'90s Movie Month: "Hot Shots" Review

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Charlie Sheen stars as Lt. Topper Harley, an ace navy pilot brought out of retirement for a special mission- to take out Saddam Hussein's weapons manufacturing plants. However, Topper is mentally unbalanced and sure to snap under the pressure.
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'90s Movie Month: "Hot Shots!" Review

Rating: PG-13
Length: 84 minutes
Release Date: July 31, 1991
Directed by: Jim Abrahams
Genre: Comedy, Action, War

Charlie Sheen ("Scary Movie 5") won multiple awards for his work on television, but "Hot Shots!" will remind viewers of just how funny he is on the big screen. Though originally released in 1991, the film manages to hold up well to the test of time, and viewers of all ages will find a few scenes that make them laugh.

Sheen plays Lt. Sean "Topper" Harley, a pilot with a troubled past. Though he quit the Navy after a traumatizing experience, he finds himself called back into action by Lt. Cmdr. James Block (Kevin Dunn, "Transformers"). Block secretly calls on the former Navy pilot for help because he hopes to make millions from a backdoor deal with an airplane company. While a short synopsis of the plot might make "Hot Shots!" sound like a drama, it's anything but serious.

When Topper gets back into action, he decides to go out of his way to forget about his past. He forms a bitter and hilarious rivalry with Lt. Kent Gregory (Cary Elwes, "The Princess Bride"), and he begins a relationship with Ramada (Valeria Golino, "Rain Man"). The only problem with their relationship is that Ramada is actually his therapist, and she isn't sure if their relationship actually helps him or pushes him further over the edge. Once the crew heads overseas to Iraq on a crucial mission, Topper must decide how to save the world and get the girl at the same time.

One of the main reasons that "Hot Shots!" remains so funny today is because of its great comedic cast. Sheen, who previously starred in films such as "Minor League" before jumping to film, is just as funny in the film as he is on recent television shows. He manages to make every step that Topper makes seem dramatic and funny at the same time. It helps that he gets a boost from Golino, who oozes sex appeal every time she steps on screen. Though Golino's character isn't quite as funny as some of the others, Sheen makes their scenes seem playful, lighthearted, and even a little racy sometimes.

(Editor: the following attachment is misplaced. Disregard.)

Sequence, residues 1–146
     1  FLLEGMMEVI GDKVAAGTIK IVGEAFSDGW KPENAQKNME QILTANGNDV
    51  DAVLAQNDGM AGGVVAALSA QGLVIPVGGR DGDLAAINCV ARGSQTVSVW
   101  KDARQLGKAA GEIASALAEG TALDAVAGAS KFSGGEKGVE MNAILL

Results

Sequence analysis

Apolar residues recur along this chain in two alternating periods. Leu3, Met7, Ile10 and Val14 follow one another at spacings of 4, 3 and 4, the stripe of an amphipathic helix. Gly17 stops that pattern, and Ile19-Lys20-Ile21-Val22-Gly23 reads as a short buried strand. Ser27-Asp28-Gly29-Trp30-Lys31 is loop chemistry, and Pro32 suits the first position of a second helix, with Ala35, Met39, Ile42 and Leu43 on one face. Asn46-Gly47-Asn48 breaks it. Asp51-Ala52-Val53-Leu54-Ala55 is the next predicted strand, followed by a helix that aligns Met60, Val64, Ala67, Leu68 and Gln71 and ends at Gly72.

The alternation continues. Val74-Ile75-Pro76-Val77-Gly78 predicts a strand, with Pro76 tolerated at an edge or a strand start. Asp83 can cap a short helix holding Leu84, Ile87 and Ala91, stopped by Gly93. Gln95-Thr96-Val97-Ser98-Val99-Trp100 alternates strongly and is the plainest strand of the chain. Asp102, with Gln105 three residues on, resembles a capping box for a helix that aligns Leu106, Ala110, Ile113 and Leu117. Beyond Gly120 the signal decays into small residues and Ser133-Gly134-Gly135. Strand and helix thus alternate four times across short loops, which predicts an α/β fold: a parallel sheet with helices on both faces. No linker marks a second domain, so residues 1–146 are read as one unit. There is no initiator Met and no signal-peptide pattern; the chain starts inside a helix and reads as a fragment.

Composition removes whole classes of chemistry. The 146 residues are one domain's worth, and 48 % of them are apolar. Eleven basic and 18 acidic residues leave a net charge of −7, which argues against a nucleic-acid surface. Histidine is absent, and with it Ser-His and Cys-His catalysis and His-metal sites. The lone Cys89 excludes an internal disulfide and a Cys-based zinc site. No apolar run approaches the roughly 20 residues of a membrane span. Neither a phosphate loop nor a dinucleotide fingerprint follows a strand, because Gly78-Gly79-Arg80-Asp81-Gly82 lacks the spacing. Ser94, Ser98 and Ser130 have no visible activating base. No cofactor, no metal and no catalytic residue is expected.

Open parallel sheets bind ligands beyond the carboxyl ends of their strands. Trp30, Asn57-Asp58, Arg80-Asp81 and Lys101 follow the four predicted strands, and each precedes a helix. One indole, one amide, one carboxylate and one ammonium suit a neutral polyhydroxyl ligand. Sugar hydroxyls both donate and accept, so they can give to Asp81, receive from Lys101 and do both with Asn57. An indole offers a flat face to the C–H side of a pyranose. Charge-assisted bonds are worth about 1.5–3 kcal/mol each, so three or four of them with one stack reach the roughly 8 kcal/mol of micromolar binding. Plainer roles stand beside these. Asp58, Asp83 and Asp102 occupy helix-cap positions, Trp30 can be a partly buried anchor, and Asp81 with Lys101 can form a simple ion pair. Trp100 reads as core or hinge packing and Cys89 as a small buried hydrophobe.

Sheen also has a believable relationship with Elwes, which will remind some of "Top Gun." It's easy to see Elwes as the cool and collected Ice Man to Sheen's ragtag Maverick. The two play off each other, and their scenes might leave some wondering how many lines came from the script and how many were improvised.

Also along for the ride are Lloyd Bridges and Kristy Swanson. Bridges, known for roles in "High Noon" and other series films, shows off his lighter side, and viewers will remember how funny he was in past comedies such as "Airplane!" Swanson also has a long history of working in comedy with roles in "Dude, Where's My Car?" and "Ferris Bueller's Day Off," but none of those films compare to her hilarious role in "Hot Shots."

Fans of "Two and a Half Men" will get a kick out of seeing Sheen butt heads with John Cryer, who played his brother on the show. When Sheen landed the lead role in that series, he suggested Cryer for the role of Alan, helping his old friend get back in the limelight. While the two only share a handful of scenes together, those moments are comedic gold. Viewers will also enjoy seeing Dunn play a bumbling bad guy. Known more recently for his work in 'Transformers" and its sequels, Dunn does a great job of playing the so-called villain of the film.

"Hot Shots!" was such a hit that many of the cast members returned for a sequel, but they're at their best in the first film. It pokes fun at everything from modern war films to classic war films of the 1940s, and some of the best scenes in the film come with lines that viewers can't stop quoting. One scene that almost everyone loves involves Ramada in bed as Topper proceeds to fry breakfast on her stomach, playfully insinuating that her body is hot enough for cooking. As great as some of those moments are, the film does have a few scenes that will leave viewers groaning, but it's easy to forget about those moments. For every misstep, the film bounces back with a line or a scene that leaves viewers rolling in the aisles.

"Hot Shots!" is one of the few comedies from the early 1990s that remains as funny today as it did when originally released. Sheen has great chemistry with almost every actor who crosses his path, and he manages to make viewers believe that those relationships are real. The actors and the hilarious moments in the film make "Hot Shots!" one of the best war film parodies of all time.

Rating: 3 out of 5 stars